Finally, the patchy delivery of services for Gypsies and Travellers by local authorities was also identified as a serious problem for many people. There was a call by community members for greater accountability over local spending, to challenge the 'slum-like' conditions of some Gypsy/Traveller sites. Across all the range of issues, better consultation with local Gypsy and Traveller groups was also an apparent need.
Despite the range of serious issues put on the table at the NFGLG/APPG meeting, this meeting made a significant contribution to the debates about the rights of Gypsies and Travellers in Britain today.
The press statement above mentions that Irish Travellers have been in Britain for centuries. Is this really so? How many centuries, for if the truth be told, it may be less than one century. This is yet again an attempt to put the Irish Travellers a par with the Romany Gypsy population in the United Kingdom but this will not wash and cannot be allowed to stand in such a way.
Irish Travellers, while, maybe, just about, could qualify as an “ethnic group”, if ethnicity is also made as including lifestyle and such like, which really it should not, but they cannot be ever seen as a Race, unlike the Romany who are a Race and a Race apart.
The discrimination faced by the Irish Travellers is NOT, therefore, for reasons of race but for reasons of their way of life and especially for reasons of how so many of their community, if you like, behave when they travel. This also, in return, causes problems for Romany Gypsy, and even well-behaved Irish Travellers. Something that the people themselves should police and the bad apples should be rooted out. How that is done should be left to the individual communities, for there are also rotten apples in the Romany community and we should deal with those. Maybe, and just maybe, we can then get a better reception by the Gohja when we come to a place, like it used to be in the old days. I remember always being welcome in the villages when I was younger, but then that was before certain elements destroyed it all by the way they behaved or should we better say misbehaved.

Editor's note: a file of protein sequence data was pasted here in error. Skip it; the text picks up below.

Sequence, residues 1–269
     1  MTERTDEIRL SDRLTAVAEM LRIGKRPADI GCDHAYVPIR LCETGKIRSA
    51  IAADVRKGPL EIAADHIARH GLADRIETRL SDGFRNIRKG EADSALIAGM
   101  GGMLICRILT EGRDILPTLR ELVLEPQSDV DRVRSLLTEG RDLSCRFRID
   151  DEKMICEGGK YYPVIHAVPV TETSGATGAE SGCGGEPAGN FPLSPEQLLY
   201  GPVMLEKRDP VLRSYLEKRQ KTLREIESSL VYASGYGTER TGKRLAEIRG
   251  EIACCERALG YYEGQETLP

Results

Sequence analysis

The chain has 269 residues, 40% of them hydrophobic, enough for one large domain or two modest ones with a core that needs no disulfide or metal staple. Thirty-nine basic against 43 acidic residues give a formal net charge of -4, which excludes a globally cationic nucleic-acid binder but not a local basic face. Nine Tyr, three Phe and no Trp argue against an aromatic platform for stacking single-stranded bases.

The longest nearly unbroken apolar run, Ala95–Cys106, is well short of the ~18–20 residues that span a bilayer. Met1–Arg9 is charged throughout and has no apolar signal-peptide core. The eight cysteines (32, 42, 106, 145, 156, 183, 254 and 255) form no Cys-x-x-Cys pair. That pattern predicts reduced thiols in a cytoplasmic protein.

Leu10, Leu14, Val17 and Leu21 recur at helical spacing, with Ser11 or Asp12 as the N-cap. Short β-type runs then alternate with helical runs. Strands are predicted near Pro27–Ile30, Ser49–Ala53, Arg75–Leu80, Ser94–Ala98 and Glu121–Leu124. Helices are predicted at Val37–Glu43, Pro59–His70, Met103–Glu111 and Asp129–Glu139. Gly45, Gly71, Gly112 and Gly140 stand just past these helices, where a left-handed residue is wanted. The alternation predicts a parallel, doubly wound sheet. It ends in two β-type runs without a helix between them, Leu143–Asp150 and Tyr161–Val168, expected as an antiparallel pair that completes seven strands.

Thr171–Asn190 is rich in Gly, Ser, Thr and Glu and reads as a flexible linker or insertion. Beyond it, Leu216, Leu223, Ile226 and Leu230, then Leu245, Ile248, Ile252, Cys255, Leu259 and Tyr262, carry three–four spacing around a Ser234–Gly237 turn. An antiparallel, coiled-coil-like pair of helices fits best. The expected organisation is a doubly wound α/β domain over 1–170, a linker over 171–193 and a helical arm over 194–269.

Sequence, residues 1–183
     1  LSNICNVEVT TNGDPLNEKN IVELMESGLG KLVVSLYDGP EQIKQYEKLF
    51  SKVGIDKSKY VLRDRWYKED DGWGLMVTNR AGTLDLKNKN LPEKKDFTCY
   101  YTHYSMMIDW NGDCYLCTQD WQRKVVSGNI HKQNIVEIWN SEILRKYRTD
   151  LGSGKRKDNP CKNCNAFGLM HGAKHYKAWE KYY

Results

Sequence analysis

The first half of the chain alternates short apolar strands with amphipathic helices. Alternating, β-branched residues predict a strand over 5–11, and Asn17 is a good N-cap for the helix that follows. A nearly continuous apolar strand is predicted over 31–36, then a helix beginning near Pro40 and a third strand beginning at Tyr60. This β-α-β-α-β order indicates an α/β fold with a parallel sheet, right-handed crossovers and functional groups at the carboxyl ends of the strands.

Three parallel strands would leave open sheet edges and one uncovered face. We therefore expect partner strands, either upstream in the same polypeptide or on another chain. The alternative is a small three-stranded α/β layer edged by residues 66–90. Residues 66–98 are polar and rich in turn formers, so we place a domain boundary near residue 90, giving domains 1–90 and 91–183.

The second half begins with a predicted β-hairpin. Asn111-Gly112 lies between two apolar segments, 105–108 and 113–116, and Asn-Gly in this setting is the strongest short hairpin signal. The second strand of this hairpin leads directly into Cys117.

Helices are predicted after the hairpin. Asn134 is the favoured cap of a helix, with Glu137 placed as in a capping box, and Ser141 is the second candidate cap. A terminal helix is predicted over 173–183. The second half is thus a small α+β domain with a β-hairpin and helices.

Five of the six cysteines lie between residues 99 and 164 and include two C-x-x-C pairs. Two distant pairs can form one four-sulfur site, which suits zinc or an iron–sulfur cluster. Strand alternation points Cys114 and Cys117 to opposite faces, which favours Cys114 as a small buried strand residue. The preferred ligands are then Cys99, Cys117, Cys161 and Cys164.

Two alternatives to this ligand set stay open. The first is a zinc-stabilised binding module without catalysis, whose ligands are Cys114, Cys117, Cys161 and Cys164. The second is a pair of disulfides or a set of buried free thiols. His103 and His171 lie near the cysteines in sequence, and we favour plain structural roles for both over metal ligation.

I would like to stress again, and I know it really bothers people that I do, that while the Romany are facing racial discrimination, this is not and cannot ever be termed like that as regards to the Irish Travellers. I do not care who is going to have a go again as to what I am writing here but the truth is the truth. Romany Gypsies (the only group to who the term “Gypsy” anyway applies) are a Race while the Irish Travellers simply are a group, a minority of maybe a rather ancient European nomadic people, like some of the Jenisch, but they are not Gypsy and they are not therefore of a different race. I know that is very difficult to understand to many of those do-gooders and hangers on, those that want to make political capital out of the issue, but the truth is different than they wish to portray it.